Thieves steal surgical masks. A clinic sells fake COVID-19 tests. Hate groups encourage sick members to infect law enforcement officers. Imposters pose as public health officials. Con artists peddle fake cures and financial scams.

As the coronavirus pandemic spreads, so too do the crimes related to it — transgressions that capitalize on fear, panic and the urge to lay blame, and add to the burden on law enforcement agencies trying to protect vulnerable citizens.

To read the full story, click here.

Corporate transparency

U.S. Congress must proactively prevent corruption from derailing coronavirus response

Transparency International U.S. recommends 25 anti-corruption measures to congressional leadership, including ensuring ensuring that government contracts go toward fighting the virus, and are not stolen or misappropriated by corrupt actors.

To read the full story click here

WANT TO START A DIALOGUE? BLOG POSTS FROM FINCRIME THOUGHT LEADERS ON COMPLIANCE IN A TIME OF CORONAVIRUS

Covid-19 & Consequences for Anti-Money Laundering, by Anita Clifford

Practitioners and regulated professionals should also be aware that the unprecedented situation has generated new criminal and, consequently, further money laundering opportunities.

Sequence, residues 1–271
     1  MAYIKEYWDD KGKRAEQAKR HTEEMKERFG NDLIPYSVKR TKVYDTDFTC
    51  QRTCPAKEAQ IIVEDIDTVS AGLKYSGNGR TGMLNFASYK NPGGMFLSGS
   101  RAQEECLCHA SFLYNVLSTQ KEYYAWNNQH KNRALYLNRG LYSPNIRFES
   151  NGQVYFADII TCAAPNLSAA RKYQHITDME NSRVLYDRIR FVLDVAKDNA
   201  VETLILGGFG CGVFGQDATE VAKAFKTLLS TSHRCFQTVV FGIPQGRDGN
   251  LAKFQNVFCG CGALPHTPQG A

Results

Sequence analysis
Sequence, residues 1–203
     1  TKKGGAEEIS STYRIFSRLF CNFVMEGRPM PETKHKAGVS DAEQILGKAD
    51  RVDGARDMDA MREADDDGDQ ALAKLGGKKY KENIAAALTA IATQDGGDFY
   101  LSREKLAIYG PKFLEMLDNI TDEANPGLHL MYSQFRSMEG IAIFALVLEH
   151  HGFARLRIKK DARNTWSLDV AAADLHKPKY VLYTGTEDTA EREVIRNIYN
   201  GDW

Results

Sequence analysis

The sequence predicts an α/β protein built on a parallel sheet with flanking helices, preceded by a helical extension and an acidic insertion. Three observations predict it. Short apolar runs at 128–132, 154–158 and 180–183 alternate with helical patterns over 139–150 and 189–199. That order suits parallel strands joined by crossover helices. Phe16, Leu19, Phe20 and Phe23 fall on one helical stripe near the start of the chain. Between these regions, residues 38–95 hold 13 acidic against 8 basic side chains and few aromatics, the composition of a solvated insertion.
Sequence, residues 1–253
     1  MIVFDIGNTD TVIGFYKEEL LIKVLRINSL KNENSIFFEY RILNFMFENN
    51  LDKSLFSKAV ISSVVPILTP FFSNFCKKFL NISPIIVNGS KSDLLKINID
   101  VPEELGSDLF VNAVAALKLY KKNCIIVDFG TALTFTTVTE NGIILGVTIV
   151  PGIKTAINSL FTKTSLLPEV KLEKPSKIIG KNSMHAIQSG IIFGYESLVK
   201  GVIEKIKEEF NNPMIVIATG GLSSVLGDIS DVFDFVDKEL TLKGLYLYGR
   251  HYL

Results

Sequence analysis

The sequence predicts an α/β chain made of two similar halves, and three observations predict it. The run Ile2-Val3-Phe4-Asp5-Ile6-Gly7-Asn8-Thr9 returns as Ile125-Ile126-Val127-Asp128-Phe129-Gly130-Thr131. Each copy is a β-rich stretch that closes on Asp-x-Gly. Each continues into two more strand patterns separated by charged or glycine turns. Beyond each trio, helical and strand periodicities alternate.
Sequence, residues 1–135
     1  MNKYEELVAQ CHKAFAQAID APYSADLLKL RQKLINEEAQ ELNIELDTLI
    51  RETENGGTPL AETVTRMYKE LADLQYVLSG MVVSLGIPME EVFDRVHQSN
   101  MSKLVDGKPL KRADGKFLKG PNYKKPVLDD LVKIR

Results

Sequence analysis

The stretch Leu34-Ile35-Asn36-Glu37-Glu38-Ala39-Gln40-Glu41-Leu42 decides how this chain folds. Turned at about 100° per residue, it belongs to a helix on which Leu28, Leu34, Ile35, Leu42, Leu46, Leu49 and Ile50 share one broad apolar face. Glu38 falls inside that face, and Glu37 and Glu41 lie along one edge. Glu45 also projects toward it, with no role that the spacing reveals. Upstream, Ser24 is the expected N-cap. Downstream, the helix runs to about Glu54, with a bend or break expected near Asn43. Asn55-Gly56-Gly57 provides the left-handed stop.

On 22 March 2020 the NCA warned of criminals exploiting the Covid-19 pandemic in the form of malicious apps, fake medical apparatus and email phishing directed at the theft of personal data.2 In the United States, FinCEN has urged vigilance in relation to investment schemes falsely touting medical services or cures and Covid-19 insider trading.

To read the full story, click here.

The Perfect Storm: More Alerts, Fewer Investigators & More False Positives, by Jim Richards.  

On March 16, 2020, three days after the President declared a National Emergency in response to COVID-19, FinCEN issued a press release (not an Advisory) encouraging financial institutions to (1) communicate concerns related to the “coronavirus disease 2019 (COVID-19)”, and (2) to remain alert to related illicit financial activity.